Conflict is no stranger within the local church.
Different opinions, diverse perspectives, and opposing priorities can cause your best leaders and staff to experience conflict with each other.
This is normal and virtually unavoidable amongst leaders. Leaders cause motion and motion causes friction!
The goal is not to practice avoiding conflict, instead we all need to become good at resolving conflict.
In order to be good at conflict resolution, the first step is to know the primary internal causes. When we understand what causes conflict, we can begin to recognize and deal with it before it gets the best of us.
7 primary internal causes of conflict:
- Controlling nature
- Fear (Fear of loneliness, rejection, abandonment, being manipulated etc.)
- Broken trust
An unmet expectation is often the core issue underneath conflict, but the bottom line is that you don’t get what you want.
What causes fights and quarrels among you? Don’t they come from your desires that battle within you? 2 You desire but do not have, so you kill. You covet but you cannot get what you want, so you quarrel and fight. You do not have because you do not ask God. 3 When you ask, you do not receive, because you ask with wrong motives, that you may spend what you get on your pleasures.
We all wrestle with some of these internal causes that lead to the more visible expressions of conflict.
7 primary external causes of team conflict:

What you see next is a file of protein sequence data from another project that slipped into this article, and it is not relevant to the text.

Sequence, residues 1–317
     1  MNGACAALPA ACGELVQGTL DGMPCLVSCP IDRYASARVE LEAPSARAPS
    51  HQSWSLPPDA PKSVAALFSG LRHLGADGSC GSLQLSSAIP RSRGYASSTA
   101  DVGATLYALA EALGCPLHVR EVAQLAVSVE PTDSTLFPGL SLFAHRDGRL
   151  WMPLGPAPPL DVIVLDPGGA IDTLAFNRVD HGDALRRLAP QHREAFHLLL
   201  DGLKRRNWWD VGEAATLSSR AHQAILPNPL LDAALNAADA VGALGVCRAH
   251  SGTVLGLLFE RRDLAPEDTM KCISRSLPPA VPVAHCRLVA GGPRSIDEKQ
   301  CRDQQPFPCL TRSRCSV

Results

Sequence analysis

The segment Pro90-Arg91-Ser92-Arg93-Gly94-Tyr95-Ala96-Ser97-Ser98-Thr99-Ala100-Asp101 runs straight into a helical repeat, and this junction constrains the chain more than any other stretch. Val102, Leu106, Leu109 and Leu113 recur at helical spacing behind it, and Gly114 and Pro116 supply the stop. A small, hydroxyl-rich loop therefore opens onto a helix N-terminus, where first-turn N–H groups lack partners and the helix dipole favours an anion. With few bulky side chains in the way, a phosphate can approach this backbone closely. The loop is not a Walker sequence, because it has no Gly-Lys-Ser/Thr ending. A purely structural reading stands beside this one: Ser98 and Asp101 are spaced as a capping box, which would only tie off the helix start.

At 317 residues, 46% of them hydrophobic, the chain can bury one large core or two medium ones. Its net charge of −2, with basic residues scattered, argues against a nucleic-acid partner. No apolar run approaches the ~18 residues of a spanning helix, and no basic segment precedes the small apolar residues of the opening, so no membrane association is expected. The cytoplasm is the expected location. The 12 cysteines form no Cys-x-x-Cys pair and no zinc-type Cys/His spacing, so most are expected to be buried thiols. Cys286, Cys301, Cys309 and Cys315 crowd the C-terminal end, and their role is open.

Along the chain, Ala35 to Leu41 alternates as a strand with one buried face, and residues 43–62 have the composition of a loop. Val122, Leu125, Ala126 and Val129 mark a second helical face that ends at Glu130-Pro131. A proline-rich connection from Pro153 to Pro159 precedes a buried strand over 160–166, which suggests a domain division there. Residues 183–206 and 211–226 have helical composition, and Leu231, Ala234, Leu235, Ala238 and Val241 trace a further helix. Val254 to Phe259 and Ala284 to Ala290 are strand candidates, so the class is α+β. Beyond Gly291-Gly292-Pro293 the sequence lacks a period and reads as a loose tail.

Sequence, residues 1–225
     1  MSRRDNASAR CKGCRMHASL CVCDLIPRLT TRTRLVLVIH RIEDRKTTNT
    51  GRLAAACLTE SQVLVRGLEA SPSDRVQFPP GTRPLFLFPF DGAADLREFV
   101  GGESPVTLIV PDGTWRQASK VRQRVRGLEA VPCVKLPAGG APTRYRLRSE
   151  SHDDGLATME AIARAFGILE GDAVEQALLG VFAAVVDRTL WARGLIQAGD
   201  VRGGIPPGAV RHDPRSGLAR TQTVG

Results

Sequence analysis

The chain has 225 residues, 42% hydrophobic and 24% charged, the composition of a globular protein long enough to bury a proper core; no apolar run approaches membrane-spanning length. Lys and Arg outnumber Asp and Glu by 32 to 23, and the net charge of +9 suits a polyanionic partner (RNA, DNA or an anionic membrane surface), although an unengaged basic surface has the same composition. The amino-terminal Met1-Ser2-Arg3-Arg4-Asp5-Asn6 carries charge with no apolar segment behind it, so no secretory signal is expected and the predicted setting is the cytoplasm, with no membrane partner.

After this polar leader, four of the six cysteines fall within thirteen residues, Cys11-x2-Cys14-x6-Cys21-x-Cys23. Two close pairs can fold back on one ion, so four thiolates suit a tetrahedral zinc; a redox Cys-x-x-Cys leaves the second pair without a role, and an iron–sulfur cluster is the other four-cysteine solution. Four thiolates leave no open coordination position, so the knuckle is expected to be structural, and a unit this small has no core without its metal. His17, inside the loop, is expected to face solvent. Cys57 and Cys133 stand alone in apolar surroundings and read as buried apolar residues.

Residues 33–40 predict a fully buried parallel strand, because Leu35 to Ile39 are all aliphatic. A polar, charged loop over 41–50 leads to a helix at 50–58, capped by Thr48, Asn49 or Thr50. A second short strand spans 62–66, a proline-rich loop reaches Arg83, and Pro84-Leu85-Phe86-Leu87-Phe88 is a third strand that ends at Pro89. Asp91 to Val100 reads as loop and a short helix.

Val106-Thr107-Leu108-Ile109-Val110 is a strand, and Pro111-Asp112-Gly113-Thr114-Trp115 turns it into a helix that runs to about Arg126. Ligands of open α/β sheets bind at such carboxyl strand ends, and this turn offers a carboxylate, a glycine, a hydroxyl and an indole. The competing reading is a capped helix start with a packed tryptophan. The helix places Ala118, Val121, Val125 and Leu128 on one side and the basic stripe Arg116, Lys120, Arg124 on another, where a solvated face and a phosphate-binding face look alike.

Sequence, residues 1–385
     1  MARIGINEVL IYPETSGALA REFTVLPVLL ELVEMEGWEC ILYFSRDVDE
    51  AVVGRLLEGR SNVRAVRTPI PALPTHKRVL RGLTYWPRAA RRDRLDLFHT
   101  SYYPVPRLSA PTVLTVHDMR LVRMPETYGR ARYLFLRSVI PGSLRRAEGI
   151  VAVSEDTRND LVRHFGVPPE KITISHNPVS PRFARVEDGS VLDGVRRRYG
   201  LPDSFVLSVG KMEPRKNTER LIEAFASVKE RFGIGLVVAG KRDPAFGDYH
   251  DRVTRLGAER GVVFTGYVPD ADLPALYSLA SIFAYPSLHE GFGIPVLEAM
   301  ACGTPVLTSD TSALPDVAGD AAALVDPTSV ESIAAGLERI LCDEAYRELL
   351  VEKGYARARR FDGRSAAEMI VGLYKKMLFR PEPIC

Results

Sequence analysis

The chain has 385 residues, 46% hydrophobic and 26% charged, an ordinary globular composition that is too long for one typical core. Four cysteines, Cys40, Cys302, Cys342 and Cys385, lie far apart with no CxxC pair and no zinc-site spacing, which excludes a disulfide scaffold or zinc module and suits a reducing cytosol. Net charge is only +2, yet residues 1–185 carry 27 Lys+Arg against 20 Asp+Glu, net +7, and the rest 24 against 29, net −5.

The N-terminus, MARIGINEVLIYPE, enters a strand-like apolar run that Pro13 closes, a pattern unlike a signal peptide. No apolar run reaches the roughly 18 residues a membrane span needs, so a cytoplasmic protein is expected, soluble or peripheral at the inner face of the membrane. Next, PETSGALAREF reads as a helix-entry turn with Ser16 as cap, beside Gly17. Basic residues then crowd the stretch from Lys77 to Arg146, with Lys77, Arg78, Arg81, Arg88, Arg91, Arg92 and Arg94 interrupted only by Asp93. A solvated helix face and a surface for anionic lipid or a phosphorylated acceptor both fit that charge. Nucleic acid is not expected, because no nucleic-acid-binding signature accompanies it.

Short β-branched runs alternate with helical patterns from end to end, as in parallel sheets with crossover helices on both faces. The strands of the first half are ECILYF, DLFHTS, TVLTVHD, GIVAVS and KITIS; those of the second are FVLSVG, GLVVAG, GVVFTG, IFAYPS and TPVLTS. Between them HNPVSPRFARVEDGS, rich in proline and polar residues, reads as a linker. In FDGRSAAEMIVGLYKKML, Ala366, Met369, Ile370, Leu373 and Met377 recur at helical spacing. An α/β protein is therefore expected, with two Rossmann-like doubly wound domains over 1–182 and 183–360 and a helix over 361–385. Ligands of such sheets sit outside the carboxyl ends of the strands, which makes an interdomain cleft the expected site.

- Unhealthy culture
- Unclear or misaligned vision
- Lack of communication
- Unclear expectations
- Territorial attitudes
- Unhealthy competition
- Ineffective systems and processes
5 Guidelines to Conflict Resolution:
1) Give the benefit of the doubt.
My personal frame of reference is that our staff is made up of really smart people who are committed to the vision and work hard to do the right thing.
So when something seems odd my first reaction is to assume the best.
When I choose to give the benefit of the doubt and seek to understand, it’s amazing how quickly conflict dissipates. When this practice begins to seep into the staff culture, the moral rises noticeably.
2) Extend trust.
Your teammates need to earn your respect, but it’s important that you give them trust up front. Trust is the oil that lubricates the relational operation of your team. The higher the trust, the stronger the culture.
If and when someone violates that trust, that’s a different story, but until then operate in an environment of mutual trust.
3) Get the issue out on the table.
Don’t hold back. Polite harmony never advances the vision or accomplishes meaningful success.
If there is a problem, get it on the table. Be candid, speak truth, but do so with kindness and honor. Have the full and honest conversation. Don’t say things in the hallway that you wouldn’t say face to face.
Seek to understand, listen carefully, find common ground within the vision, and make a commitment to work toward a healthy and productive solution.
4) Set your agenda aside.
James 4:2 is a truth we can’t escape. We get upset when we don’t get what we want.
Maybe it’s a bigger budget, or more staff, or greater recognition… and the list goes on. But mature teammates don’t insist on getting their way, or everything they want.
The Devil loves it when we fight like that. However, when we rise above our own agenda, personal ambition, and seek the best for others and the church overall, everyone wins!
5) Forgive and move on.
You may have a good solution, and the team moves forward, but it doesn’t always work out happily-ever-after. Sometimes people are hurt and they need time and grace to heal.
Forgiveness from both parties is a critical part of healing and any healthy staff.
It may take time and God’s peace to help you through the process. But in the end, restoration needs to be realized so that you may continue to model the kind of relationships that honor God.